(Fort Collins, Colorado -- May 22, 2006) As this year’s Everest climbing season unfolds, a new podcast will treat outdoor enthusiasts to a rare behind-the-scenes look at an expedition to the highest peak on earth. The groundbreaking project, “The Rest of Everest,” chronicles a Colorado climber’s 2003 journey to the top of the world. Viewers can find the free video podcast at http://www.therestofeverest.com.
In weekly 20-30 minute episodes, filmmaker Jon Miller will take viewers along on the Himalayan adventures of 23-year-old mountaineer Ben Clark. It is the first podcast in the world to document an entire expedition, rather than just the occasional few minutes of highlights.
The Podcast is an outgrowth of Miller’s film “Everest: The Other Side,” a climbing documentary that made its national premiere last spring on the Dish Network. The feature-length movie followed Clark up the Northeast Ridge route in Tibet to the top of the world.
“Though the film has been very well received, there's so much of the story left to be told,” said Miller. “How can you compress an experience as large as Everest into 90 minutes? You can only show a small part of the total expedition. Podcasting is an entirely new way to tell this story—one which can accurately show the full depth of the experience. Viewers will come away with an overall understanding what it is like to be part of a major expedition.”
Miller returned from the 60-day Everest expedition with more than 80 hours of footage. However, only one minute of every hour filmed made it into the 84-minute movie. “The Rest of Everest” podcast will combine the rest of the footage from the expedition with commentary from Miller, Clark, photographer Major King and others involved in the trip.
For the first time, technology has made it possible and affordable to podcast longer video segments. As a result, “The Rest of Everest” can move beyond both the typical short podcast format and the standard adventure film format to provide a comprehensive account of what goes into climbing the world’s tallest peak. Through “The Rest of Everest,” Miller will share something new with viewers: the daily activities of an entire eight-week expedition, not just high points from the two weeks spent actually climbing.
While episodes will include stunning Himalayan scenery and a thrilling summit climb, they also will bring viewers a deep understanding of the cultural and interpersonal aspects of an Everest expedition. The podcast won’t edit out acclimatization, altitude sickness, pulmonary edema and chipped teeth. Weekend warriors, armchair enthusiasts and seasoned climbers alike will find an unabridged look at frustration, anger, acceptance and transcendence.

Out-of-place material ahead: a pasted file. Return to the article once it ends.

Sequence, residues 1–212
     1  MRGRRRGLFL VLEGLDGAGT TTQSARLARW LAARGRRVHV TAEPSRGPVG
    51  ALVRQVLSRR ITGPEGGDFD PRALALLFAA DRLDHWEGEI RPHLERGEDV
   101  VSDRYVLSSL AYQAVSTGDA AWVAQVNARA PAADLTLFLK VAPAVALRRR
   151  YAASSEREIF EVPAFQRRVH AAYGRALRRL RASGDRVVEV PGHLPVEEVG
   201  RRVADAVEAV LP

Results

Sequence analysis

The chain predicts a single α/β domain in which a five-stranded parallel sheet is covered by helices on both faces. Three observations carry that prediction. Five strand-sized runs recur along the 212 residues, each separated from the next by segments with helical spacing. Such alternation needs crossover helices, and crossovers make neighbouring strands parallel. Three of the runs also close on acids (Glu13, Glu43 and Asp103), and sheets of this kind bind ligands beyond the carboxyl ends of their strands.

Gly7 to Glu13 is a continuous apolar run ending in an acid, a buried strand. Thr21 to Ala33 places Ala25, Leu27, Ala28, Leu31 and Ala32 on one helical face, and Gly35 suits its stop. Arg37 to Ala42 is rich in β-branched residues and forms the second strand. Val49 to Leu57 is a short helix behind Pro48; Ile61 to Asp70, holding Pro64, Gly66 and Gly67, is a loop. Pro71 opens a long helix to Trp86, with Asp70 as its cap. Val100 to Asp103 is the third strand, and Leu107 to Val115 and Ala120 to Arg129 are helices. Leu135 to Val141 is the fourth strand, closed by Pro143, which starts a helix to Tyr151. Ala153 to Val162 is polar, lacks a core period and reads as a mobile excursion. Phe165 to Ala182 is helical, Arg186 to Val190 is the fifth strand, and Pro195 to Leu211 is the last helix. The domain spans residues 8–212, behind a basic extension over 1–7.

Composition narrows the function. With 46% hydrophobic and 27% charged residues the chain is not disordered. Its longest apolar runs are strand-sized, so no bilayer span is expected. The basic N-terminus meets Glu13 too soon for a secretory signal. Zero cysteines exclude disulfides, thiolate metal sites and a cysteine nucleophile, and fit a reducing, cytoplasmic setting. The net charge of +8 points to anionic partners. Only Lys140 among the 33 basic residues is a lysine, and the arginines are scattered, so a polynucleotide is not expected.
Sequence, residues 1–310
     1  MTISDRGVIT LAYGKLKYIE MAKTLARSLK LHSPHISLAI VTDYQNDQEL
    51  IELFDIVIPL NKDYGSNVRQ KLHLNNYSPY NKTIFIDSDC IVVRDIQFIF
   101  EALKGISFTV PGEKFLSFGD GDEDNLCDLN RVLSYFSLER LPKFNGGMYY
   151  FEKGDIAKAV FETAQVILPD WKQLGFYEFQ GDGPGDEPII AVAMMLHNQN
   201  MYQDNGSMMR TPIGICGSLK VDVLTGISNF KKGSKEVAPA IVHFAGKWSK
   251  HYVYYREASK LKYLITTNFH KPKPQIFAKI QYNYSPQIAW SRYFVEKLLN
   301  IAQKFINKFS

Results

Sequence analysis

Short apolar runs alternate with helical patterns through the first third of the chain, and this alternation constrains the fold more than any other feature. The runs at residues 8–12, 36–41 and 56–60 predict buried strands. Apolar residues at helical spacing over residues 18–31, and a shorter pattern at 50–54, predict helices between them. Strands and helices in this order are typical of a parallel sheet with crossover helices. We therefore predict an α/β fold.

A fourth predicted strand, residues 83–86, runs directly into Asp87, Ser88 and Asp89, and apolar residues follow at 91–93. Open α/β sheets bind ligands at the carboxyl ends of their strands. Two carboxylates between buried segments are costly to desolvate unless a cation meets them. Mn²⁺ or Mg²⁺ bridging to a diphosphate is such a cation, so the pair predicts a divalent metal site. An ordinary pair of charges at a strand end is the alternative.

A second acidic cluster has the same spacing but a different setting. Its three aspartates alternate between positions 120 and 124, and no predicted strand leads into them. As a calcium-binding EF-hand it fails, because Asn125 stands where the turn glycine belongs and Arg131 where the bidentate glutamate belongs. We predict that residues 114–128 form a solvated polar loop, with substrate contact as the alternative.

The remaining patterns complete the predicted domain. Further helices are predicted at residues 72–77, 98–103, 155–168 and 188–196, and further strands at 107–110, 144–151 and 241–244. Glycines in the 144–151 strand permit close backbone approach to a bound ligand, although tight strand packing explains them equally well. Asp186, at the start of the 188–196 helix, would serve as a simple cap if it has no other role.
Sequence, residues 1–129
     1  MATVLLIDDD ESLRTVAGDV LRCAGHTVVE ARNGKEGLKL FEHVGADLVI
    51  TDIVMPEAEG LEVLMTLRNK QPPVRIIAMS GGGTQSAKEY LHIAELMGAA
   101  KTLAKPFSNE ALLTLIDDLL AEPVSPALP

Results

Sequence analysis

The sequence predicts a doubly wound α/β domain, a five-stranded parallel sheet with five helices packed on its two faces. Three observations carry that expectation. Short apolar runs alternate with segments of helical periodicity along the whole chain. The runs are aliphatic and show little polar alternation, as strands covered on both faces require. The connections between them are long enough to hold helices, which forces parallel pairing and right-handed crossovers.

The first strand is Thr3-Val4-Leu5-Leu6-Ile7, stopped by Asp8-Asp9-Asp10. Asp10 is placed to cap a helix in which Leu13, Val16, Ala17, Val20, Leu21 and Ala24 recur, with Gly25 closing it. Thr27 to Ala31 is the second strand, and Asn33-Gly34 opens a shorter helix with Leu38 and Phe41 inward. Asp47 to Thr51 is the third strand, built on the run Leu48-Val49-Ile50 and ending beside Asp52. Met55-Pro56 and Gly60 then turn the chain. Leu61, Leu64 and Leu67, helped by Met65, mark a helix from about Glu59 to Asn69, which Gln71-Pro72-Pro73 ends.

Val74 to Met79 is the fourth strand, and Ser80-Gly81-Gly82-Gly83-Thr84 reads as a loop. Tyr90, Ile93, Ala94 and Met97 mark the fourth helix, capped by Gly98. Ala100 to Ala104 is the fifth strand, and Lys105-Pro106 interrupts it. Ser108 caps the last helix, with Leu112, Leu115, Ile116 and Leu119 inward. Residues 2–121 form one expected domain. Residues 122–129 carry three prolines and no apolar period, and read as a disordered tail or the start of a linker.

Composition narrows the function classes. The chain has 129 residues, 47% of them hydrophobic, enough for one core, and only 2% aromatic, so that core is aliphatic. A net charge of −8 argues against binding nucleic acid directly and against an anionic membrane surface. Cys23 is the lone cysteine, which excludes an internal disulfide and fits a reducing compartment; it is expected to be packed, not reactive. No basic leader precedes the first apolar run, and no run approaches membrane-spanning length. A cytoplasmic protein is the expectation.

Viewers will join the team as they prepare physically and financially--from shopping for and stuffing duffels with 400 pounds of gear and high energy food to negotiating overbooked flights around the world. Episodes will include exploration of Kathmandu, stupa visits, a blessing ceremony and travel along Tibet’s breathtaking Friendship Highway. The Podcast will also offer an honest look at the contributions the team’s Sherpas made to the success of the expedition. Viewers will see the team’s bond grow as they gather for the first time, climb the upper reaches of the mountain and summit in the worst conditions imaginable. Episodes will see teams eating, praying, crying and celebrating with new friends as they experience the camaraderie of the international climbing community.
The Podcast is released every Wednesday and may be viewed directly on a computer with broadband Internet access. Episodes also can be downloaded from “The Rest of Everest” website and transferred to a video capable MP3 player such as an Apple iPod. The Rest of Everest Video Podcast can also be found in the iTunes Music Store Podcast directory where it consistently ranks within the top 100 travel-related Podcasts.
Miller owns TreeLine Productions, an award-winning production company based in Fort Collins, Colo. He has produced video work around the globe. Before launching TreeLine Productions, Miller built and operated the Northern Colorado Bureau for CNN Headline News Local Edition.